For the fifth consecutive year, Syrian refugees in Lebanon are bracing to weather the cold winter season that recently arrived with the frost.
Mother of seven Fatima Ibrahim al-Mohammad said she is worried about the cold, and recalls the acute shortage of heating materials and blankets her family faced last year in their tent at a Bar Elias refugee camp in the Bekaa Valley.
"I do not want our tragedy last year to repeat this year, especially as my children cannot withstand the cold and frost," she told Al-Mashareq.
Al-Mohammad said she, along with thousands of other Syrian refugees, awaits the aid distributed by the UN High Commissioner for Refugees (UNHCR) and relief organisations, which "will help us endure and get through the winter".
The UNHCR is "focusing this year on providing refugees and the poorest Lebanese families with winter aid to help them withstand and survive this season", said UNHCR assistant public information officer Lisa Abu Khaled.
They "often are unable to secure their own winter needs, such as fuel, winter clothes and nutritious meals", she told Al-Mashareq.
According to the preliminary findings of a 2016 survey assessing the vulnerability of Syrian refugees in Lebanon conducted by three UN agencies, more than 70% of registered refugees still live under the poverty line of $3.84 per day, Abu Khaled said.
"The survey also showed that 54% of refugees are in need of continuous support to shore up and improve their dwellings to meet minimum standards," she said.
UNHCR winter programme
"The UNHCR supplementary winter programme is currently under way," she said, noting that it "includes monthly cash assistance of $147 to about 900,000 refugees facing economic difficulties".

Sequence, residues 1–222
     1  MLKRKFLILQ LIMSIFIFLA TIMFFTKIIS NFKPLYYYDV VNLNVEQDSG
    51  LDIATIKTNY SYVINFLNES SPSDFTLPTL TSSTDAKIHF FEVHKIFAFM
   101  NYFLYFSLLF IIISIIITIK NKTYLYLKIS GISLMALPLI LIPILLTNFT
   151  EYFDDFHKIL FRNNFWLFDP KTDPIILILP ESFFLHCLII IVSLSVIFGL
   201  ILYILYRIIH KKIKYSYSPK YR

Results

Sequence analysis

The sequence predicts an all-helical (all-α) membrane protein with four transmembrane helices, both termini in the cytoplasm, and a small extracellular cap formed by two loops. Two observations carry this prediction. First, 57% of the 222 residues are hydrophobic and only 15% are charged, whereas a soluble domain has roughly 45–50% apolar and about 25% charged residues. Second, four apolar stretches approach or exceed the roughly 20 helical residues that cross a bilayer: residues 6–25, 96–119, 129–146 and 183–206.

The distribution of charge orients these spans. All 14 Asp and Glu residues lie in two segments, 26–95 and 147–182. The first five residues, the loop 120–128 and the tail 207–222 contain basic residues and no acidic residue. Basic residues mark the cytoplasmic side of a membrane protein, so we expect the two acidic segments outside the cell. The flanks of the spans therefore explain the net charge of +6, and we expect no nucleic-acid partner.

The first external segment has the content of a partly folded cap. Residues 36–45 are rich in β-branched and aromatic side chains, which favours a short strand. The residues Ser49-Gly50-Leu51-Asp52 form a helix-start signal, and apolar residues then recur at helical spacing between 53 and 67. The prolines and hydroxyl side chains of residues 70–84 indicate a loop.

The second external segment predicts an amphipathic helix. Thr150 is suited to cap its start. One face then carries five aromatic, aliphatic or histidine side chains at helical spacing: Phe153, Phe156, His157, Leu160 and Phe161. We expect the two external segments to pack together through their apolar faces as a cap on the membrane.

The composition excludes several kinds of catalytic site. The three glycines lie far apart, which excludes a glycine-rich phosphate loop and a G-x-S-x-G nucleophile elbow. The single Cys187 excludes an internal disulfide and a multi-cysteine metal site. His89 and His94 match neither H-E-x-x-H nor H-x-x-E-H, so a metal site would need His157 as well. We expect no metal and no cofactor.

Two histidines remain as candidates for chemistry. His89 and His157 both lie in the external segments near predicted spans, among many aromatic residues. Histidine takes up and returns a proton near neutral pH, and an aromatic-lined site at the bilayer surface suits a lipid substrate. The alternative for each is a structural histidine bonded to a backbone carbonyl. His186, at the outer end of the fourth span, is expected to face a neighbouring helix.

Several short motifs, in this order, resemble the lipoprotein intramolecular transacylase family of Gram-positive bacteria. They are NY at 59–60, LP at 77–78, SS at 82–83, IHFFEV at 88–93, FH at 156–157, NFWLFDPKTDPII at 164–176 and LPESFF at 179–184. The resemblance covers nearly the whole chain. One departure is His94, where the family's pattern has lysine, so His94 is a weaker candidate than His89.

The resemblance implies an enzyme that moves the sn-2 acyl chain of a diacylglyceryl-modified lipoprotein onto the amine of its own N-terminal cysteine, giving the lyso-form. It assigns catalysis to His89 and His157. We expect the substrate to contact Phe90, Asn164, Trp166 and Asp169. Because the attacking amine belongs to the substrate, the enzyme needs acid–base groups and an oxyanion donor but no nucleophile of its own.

More vulnerable refugees who receive monthly cash assistance also will receive "an additional $75 for a period of five months to cover extra seasonal expenses", Abu Khaled said.
In areas where there are no automated teller machines, $100 fuel vouchers will be distributed instead of cash assistance, she said, adding that distribution began in October and will continue through March 2017.
Winter intervention programmes implemented by the UNHCR and partner organisations also will seek to improve conditions for the refugee population by spreading gravel and improving sewage systems in makeshift camps.
More than 55,000 refugee families living in sub-standard shelters, such as tents, garages, unfinished buildings and outbuildings also will receive assistance to weatherproof their dwellings, she said.
More vulnerable refugee and Lebanese families also will receive blankets, stoves and clothes, she added.
The UNHCR recently received cash assistance from several countries, which will help it provide emergency winter aid to about 25,000 Syrian families for the next five months, Abu Khaled said.
"In addition to the assistance received from Kuwait, which amounted to $7.96 million, we received funding from the US, Canada, Germany and Norway that was not allocated beforehand to specific projects," she said.
Collecting blankets, clothes
In conjunction with the UNHCR winter aid programme, civil society groups are actively providing assistance to Syrian and Lebanese families in need.
On December 4th, the Dafa Campaign launched its second annual winter campaign at Martyrs' Square in downtown Beirut.
It has collected several tonnes of food aid, wool blankets and new and used clothing and furniture donated to support needy Lebanese families and Syrian refugees, said Paula Yacoubian, who spearheaded the media campaign.
Building on last year's successful campaign, which provided support to 14,000 Lebanese and Syrian families, "we re-issued our appeal this year because we sensed that the Lebanese people are eager to help", she told Al-Mashareq.
Thousands donated "more than one million pieces of clothing for males, females and children of all ages", she said. "We also received thousands of wool blankets, as well as home furniture and food items."
"All that we collected was sorted by hundreds of volunteers and loaded aboard trucks that headed towards the poorest areas," she added.
The Dafa Campaign "exceeded expectations" and collected enough to help more than 50,000 Lebanese and Syrian families get through the winter, she said.
Aid also will be distributed to Lebanese families hosting Syrian refugees, she said, explaining that this method of distribution was chosen as those hosting refugee families know best what is needed.